The world is in a fragile situation due to the impact of the Covid-19 pandemic, the Ukraine-Russia conflict and political changes due to the cold war between the world’s superpowers. Inflation is on the rise, central banks are coming up with a series of tightening policies to deal with the situation, but the reins are not being pulled against the odds. There is a risk of a global recession. At just such a juncture, the World Bank recently warned that the global economy is just a finger away from a second recession in a decade. This is unprecedented for more than 80 years.
High inflation, aggressive central bank policy, deteriorating financial conditions and Russia’s aggression in Ukraine are weighing on growth. As a result, the incidence of geopolitical tensions from more negative shocks, higher inflation, and even tighter monetary policy is increasing. According to the World Bank, these are enough to exacerbate the recessionary situation. The global economy contracted by 3.2 percent during the 2020 pandemic recession, after a slight recovery in 2021. But historically, the world last experienced two such recessions within 10 years of each other in the 1930s.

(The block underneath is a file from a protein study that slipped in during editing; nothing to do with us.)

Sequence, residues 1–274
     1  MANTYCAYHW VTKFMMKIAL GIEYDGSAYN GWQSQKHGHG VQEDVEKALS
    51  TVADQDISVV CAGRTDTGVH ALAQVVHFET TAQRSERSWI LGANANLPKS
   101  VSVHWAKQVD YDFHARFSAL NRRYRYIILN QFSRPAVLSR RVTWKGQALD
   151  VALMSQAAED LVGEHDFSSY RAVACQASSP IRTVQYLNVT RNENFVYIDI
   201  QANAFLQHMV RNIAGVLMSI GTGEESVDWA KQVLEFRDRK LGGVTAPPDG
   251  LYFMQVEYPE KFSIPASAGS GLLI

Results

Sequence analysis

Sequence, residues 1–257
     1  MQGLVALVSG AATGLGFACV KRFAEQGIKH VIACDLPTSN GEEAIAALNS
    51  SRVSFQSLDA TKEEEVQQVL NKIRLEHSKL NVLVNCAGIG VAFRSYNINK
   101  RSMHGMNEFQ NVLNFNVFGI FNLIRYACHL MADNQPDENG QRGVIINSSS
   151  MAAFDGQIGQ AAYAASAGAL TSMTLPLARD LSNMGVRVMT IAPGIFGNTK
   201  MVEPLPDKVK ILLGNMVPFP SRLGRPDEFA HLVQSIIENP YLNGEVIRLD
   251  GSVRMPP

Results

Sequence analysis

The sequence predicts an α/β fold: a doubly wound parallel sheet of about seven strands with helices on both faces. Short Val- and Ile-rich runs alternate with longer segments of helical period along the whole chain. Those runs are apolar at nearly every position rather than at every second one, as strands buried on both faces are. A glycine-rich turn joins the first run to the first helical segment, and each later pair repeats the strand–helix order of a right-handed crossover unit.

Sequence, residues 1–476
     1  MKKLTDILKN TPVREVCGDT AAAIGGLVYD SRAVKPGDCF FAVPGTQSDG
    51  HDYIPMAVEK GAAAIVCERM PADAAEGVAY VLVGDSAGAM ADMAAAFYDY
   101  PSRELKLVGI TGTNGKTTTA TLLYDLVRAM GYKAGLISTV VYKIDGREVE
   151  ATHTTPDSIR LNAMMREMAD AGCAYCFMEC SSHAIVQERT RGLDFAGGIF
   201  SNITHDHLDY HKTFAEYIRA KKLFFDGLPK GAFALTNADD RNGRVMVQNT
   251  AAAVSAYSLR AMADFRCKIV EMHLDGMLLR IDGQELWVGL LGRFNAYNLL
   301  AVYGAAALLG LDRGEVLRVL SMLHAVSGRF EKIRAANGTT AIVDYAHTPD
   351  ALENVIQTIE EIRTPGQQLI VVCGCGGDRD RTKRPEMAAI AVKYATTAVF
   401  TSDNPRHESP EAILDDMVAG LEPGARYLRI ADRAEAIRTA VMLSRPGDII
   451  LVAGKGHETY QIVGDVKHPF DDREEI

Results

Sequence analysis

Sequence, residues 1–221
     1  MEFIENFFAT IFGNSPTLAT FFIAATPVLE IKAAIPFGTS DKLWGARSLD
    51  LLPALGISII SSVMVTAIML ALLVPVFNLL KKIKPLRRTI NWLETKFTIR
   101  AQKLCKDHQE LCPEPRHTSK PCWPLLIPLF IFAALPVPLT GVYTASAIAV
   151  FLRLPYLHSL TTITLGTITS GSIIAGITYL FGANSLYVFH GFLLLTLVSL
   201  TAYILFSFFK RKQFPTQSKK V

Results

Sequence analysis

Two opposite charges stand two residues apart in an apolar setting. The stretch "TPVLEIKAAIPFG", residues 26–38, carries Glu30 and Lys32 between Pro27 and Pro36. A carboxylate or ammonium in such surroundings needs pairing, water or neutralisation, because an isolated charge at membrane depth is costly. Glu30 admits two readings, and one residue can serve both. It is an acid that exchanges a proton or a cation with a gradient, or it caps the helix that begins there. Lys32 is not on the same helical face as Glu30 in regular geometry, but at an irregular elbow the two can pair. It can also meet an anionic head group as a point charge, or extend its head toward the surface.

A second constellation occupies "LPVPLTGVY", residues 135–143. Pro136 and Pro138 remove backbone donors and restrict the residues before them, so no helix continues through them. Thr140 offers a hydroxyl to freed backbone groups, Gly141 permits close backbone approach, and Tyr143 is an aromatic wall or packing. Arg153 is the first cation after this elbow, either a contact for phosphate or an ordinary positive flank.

The World Bank added in its report that the world’s three main growth drivers—the United States, the euro area and China—are currently undergoing clean weakness. The shock will also affect poorer countries, which are already dealing with turmoil around an uncertain economic climate, low business investment and rising interest rates. Moreover, the rising cost of credit can make taking out large loans more challenging.